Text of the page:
Houston Banks: MS vs. Citi vs. Jefferies

KKhasComeBack's picture
Rank: Chimp | 11

thoughts on these options? With what's going on in the markets rn I'd like to gtfo of energy (or at least go to an energy Megafund vs. a local energy PE firm). NYC isn't really an option given OCR at my school but may be for FT recruiting

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  • Analyst 1 in IB - Ind
May 7, 2020

Assuming this is for SA 2021, I think there is a similar thread on GS vs. EBs. Historically, GS/MS have been considered the easier Houston banks to get to NY from. Not because they are top Houston BB, but just the brand.

I would say it's hard to predict how summer 2021 or FT in 2022 will be. Historically, Jefferies has been considered the top Houston bank to learn O&G. But they have been downsizing recently, and it's unlikely that prowess would carry over to non-energy recruiting. I would consider Jefferies as having a higher "O&G" beta compared to the other options.

For Citi vs MS, I'm not knowledgeable about how their analysts have recruited to get a "right" answer. Would say Citi has been considered a top Energy BB in terms of deal flow, but is also a much larger analyst class than MS. While MS is smaller and has fewer deals, there is evidence that the brand carries some weight.

If you were die-hard O&G, you would historically rank as Jeff>Citi>MS. You could argue Post-COVID that Citi is a better bet due to the capital markets exposure.

If you wanted to exit O&G, I would rank MS>Citi>Jeff

Also, the issue with MF energy is that it is becoming a smaller and smaller space. For example, Carlyle shut down its Mezz group and Warburg has closed its Houston office and won't raise another energy fund. Hard thing to bet on in 2024.

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  • VP in PE - LBOs
May 7, 2020

One thing I'd add -- most of the energy megafunds feel like dead ends, but the brand name is valuable and a transition to regular PE after a stint at say, Blackstone or TPG, is doable (possibly after b school). Trouble is knowing if they'll even be around by 2024 as the poster above said. Between failed fundraises and negative returns they might just pare their losses and wind down.

  • Analyst 2 in IB-M&A
May 7, 2020

Agree with the poster above on MS giving you the best shot to recruit for opps outside of energy. Also, good points on Jefferies having a higher "energy-beta". In good times, they absolutely kill it (you will work more than pretty much anyone else in Houston) and you should learn a ton if you can stick it out for 2 years. And if you are looking to place in MF energy PE, all 3 of those banks should give you a pretty similar shot. I've seen analysts from all 3 of those firms end up at NYC Energy MF offices. Just looking at the last 2-4 years, there doesn't seem to be a distinct pipeline from a specific bank when it comes to NYC Energy MF placements -- all the top banks and even what some people on this forum consider "middle-tier" names have placed at least one associate. CS, Evercore, TPH, JPM, BMO are a few other examples off the top of my head. There used to be a bit of a pipeline effect going on for a few of the large Texas based shops along with First Reserve but I don't think it's as much as banking group dependent anymore as it is the candidate themselves.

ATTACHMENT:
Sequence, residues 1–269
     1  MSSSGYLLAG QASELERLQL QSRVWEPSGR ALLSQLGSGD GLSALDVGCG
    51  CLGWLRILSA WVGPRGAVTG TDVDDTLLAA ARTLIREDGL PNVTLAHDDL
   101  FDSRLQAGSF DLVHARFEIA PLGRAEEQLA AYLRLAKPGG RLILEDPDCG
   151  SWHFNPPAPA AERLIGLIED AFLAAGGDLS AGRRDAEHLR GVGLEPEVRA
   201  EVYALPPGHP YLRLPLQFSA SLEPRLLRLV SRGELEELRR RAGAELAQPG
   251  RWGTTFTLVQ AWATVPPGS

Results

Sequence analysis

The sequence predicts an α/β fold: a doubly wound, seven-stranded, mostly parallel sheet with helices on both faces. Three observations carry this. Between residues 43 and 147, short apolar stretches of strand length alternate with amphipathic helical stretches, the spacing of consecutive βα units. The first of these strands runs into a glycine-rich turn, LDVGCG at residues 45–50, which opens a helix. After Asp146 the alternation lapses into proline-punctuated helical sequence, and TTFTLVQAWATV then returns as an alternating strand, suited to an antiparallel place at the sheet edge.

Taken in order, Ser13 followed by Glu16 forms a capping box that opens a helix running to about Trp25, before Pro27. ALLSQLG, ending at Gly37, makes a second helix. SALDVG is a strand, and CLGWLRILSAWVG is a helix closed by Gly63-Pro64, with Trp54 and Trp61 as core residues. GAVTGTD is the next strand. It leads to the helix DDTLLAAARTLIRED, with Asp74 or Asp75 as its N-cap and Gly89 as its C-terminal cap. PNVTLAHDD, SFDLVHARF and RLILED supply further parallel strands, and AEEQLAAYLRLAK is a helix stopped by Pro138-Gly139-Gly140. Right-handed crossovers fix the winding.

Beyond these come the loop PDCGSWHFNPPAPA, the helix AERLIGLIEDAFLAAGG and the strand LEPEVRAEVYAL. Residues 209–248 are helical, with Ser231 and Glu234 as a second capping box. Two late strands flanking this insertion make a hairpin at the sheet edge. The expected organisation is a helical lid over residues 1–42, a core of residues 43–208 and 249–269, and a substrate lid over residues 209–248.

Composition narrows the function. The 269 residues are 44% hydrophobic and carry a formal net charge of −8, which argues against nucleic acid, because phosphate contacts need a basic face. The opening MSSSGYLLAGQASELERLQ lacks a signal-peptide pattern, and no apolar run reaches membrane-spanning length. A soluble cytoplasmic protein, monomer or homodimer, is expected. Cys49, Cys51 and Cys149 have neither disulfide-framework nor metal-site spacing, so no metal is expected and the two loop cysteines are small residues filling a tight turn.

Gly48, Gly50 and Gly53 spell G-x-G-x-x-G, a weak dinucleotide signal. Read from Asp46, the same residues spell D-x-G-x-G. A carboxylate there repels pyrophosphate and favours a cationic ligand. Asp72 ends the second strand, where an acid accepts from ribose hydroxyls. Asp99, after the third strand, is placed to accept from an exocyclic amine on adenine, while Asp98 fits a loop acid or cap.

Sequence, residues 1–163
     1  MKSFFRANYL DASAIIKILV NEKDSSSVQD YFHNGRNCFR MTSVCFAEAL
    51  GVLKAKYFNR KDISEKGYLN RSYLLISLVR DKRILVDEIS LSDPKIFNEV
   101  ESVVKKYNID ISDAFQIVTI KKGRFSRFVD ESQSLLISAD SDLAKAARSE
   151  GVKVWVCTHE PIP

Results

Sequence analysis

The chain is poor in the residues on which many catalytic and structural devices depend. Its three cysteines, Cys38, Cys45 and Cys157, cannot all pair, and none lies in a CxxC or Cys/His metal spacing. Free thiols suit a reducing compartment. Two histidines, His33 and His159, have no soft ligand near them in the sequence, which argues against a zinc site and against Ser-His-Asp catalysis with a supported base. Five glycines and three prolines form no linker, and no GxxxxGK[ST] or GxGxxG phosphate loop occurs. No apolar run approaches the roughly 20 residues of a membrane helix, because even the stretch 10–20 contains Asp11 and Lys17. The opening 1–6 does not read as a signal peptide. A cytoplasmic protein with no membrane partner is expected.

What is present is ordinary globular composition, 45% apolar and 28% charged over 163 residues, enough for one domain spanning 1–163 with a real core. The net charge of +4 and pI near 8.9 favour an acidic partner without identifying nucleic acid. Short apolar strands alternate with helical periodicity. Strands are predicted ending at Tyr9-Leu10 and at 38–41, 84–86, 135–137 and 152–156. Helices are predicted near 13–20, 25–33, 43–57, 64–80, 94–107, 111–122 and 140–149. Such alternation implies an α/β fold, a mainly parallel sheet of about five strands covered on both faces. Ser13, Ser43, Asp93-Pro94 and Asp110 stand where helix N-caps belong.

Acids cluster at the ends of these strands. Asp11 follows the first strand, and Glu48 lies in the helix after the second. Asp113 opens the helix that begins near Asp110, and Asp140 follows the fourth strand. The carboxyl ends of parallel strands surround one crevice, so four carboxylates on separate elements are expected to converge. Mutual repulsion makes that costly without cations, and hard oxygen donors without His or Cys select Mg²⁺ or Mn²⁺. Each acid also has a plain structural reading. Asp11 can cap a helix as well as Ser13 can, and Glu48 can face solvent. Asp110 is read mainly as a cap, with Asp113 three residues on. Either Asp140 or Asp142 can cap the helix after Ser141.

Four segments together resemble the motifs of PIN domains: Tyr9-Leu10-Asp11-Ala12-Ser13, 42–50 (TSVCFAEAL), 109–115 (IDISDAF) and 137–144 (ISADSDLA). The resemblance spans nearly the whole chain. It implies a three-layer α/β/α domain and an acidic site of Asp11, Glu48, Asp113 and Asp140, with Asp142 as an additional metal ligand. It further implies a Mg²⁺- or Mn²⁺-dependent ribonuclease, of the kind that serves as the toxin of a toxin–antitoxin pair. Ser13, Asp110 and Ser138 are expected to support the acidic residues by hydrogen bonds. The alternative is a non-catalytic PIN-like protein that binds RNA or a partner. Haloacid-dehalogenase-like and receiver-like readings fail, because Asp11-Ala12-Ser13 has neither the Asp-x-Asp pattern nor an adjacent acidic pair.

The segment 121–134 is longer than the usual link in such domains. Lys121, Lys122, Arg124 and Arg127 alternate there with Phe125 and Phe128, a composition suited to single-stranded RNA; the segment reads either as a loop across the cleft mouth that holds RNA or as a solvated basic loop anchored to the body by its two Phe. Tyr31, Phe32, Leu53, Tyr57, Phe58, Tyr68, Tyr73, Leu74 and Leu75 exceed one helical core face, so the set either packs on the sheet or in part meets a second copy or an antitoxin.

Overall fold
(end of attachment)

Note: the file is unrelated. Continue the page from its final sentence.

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  • Prospect in Other
May 8, 2020

What about exits into non-energy NYC/other city ops?

  • Analyst 2 in IB-M&A
May 8, 2020

I'd say any of the well known "household" (amongst the finance community) IBs, whether BB or EB (including the 3 names specified on this thread), will get you on the radar for non-energy recruiting opportunities both in NYC and elsewhere. Again, from the list you provided, I'd lean towards MS getting you the most traction based on brand name alone, all else being equal. That being said, you will probably find that going from energy BB/EB to non-energy PE MF might be a bit of a long shot. It's been done before but I wouldn't count on it, especially if you are not based in NYC when on-cycle recruiting kicks off. You should get plenty of inbounds from recruiters for MM roles outside of energy if you are at a reputable bank. However, it will be up to you to deliver a good story and cogent rationale as to why you would make for a good candidate for those roles. This will ultimately determine how much traction you actually get with those hiring processes.

My sense is that if you are recruiting for a role where the hiring managers and staff/team are not acutely familiar with the banks in the energy space, or if it's a role only tangentially related to finance, that it would be more helpful to have a "blue-chip" name (based on those who are not privy to O&G IB) on your resume such as GS/MS/JPM/EVR vs. Jefferies/TPH.

  • Prospect in IB-M&A
May 8, 2020
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